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Compressing video files

Last response: in Windows 7
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October 6, 2010 10:25:09 AM

Hello,
the video I want to put on DVD is slightly too big. Is there a way to 'compress' it si it will fit on the DVD?
a b $ Windows 7
October 6, 2010 10:38:04 AM

Can you elaborate? What format is the video right now? When you burn to DVD the program should shrink it automatically so it fits.
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a b $ Windows 7
October 6, 2010 10:38:24 AM

Depends.

How long is the video? What are the settings you're using to encode it? What software are you using?

Alternatively, do you have a dual-layer burner and just put the video on a dual-layer disc instead?
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October 6, 2010 12:15:47 PM

I have no idea what format it is :( ((. It is 150 mins long. I am using windows 7 . I want to put it all on one DVD. I have successfully burned part of it onto a DVD disc so I know I can get it on to the DVD. I don't have dual layer burner - at least don't think I do. I have a Compaq Pressario CQ71- I am also a 66 year old novice re computers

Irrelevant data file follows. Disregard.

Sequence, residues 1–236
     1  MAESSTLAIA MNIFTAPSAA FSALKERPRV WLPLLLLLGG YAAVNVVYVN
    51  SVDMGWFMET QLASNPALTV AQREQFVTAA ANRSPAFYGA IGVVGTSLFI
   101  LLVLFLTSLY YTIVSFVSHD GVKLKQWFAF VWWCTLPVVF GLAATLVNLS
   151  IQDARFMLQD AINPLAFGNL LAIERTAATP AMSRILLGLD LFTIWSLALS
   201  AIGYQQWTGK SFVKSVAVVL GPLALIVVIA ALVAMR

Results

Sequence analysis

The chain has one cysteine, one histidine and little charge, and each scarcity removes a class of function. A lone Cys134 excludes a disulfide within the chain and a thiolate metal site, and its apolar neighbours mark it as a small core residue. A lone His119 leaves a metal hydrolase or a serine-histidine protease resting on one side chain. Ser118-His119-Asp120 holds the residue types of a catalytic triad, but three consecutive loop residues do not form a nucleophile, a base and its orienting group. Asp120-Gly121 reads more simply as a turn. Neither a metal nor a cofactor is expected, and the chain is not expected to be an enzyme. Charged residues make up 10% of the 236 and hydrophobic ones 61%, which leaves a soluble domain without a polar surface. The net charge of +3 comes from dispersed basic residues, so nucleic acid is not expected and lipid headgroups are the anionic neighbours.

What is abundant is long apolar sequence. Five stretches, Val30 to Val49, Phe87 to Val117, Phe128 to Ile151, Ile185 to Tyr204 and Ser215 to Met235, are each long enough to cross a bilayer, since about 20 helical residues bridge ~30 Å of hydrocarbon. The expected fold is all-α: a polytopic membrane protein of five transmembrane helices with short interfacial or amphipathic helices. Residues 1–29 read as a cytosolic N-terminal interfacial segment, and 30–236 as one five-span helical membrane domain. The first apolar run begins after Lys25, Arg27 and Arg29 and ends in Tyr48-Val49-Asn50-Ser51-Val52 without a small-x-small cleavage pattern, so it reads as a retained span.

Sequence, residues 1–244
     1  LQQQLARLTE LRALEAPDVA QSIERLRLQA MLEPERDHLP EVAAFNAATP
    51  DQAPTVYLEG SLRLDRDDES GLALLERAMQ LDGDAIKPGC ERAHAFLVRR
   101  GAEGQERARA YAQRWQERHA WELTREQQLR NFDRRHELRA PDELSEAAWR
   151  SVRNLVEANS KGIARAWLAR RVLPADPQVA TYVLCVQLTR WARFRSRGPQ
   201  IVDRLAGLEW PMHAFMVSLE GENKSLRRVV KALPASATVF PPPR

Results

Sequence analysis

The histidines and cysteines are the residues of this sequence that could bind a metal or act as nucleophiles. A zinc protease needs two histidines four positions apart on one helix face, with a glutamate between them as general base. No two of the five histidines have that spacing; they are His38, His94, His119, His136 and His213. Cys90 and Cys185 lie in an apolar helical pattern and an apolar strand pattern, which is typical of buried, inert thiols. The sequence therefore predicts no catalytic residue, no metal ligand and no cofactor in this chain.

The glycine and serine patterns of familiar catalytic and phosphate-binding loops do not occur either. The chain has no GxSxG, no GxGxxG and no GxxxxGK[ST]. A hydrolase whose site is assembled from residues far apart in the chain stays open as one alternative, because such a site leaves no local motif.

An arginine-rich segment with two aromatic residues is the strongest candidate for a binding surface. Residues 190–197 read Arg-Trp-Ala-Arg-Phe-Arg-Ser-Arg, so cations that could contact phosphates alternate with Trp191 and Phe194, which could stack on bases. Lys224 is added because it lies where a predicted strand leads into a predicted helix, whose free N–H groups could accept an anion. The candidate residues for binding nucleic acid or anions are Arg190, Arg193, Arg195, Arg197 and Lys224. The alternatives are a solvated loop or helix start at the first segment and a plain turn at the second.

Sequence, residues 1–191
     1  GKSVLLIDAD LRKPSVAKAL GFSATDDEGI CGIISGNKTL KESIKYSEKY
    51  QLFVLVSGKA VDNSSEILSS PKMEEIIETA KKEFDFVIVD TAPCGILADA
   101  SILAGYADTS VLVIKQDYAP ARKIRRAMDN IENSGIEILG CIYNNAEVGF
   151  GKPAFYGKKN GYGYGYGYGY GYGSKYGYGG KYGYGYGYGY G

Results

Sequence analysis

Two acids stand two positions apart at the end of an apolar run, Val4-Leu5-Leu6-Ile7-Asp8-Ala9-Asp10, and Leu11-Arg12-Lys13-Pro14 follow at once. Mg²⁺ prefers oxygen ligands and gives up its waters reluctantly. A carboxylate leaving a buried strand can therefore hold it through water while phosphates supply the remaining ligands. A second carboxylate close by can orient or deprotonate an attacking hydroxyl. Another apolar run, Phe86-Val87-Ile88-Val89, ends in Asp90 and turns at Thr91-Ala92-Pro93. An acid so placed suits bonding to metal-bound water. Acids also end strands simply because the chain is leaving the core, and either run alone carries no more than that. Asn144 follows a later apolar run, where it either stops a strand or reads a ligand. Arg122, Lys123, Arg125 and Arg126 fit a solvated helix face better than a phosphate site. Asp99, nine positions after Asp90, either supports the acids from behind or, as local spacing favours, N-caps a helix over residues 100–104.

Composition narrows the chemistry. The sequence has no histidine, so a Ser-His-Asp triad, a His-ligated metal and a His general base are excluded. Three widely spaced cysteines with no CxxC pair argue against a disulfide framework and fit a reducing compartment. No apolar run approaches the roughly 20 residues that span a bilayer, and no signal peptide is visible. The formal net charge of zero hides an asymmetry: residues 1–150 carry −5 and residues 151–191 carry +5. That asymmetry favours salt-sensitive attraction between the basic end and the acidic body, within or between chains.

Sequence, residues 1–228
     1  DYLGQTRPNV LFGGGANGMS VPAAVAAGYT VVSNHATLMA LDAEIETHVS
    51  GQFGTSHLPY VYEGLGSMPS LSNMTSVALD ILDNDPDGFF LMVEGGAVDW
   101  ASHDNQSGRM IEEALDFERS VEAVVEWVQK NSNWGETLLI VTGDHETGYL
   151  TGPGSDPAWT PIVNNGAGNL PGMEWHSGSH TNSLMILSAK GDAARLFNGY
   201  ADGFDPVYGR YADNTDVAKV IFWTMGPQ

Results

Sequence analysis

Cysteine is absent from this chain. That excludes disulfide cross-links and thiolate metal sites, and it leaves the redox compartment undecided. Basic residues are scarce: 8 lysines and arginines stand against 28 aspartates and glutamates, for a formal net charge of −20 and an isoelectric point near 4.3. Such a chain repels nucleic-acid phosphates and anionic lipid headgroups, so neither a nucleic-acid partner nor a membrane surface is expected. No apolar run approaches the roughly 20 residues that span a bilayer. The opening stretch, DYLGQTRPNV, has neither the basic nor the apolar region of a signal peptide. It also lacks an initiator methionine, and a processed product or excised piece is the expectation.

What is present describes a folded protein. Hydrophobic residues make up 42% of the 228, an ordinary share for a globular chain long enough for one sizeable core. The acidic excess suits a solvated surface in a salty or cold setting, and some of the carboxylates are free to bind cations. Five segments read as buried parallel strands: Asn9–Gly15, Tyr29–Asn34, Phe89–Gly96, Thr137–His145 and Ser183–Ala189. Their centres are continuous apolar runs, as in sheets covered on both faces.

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October 6, 2010 12:19:52 PM

4745454b said:
Can you elaborate? What format is the video right now? When you burn to DVD the program should shrink it automatically so it fits.


It doesn't automatically shrink it and I can't find any option to. shrink it. I had an applemac previously and that had an option when copying to shrink files to fit disc but can't find anything like that on Windows7.
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a b $ Windows 7
October 6, 2010 12:53:57 PM

150 minutes for a standard, single layer disc is really pushing it, and even if you could squeeze it on the quality would be pretty naff.

Coming from a professional video background I don't use any of the built-in tools and home-use stuff that comes with Windows, so I can't really advise.

You could look at getting a copy of Nero as that comes with a lot of extra features for producing photo albums, DVDs and that sort of thing - you'd probably get more control on quality settings, bitrates, etc which all determine how big the overall file is and get it onto a disc.

As far as your DVD burner goes, if you bought it in the last few years it's pretty much guaranteed to be a dual-layer, dual format burner.
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a b $ Windows 7
October 6, 2010 3:16:47 PM

I think the problem is your over the 2hr mark. You can shrink it to fit, but as LePhuronn said its going to get ugly. I haven't used win7 yet (I just bought the family pack so I get to install it on my machines this sunday and monday.) but you should be able to use nero 7 or above or other programs. If you can convert it to DVD but leave it on your harddrive you can use a (illegal) program to SHRINK it.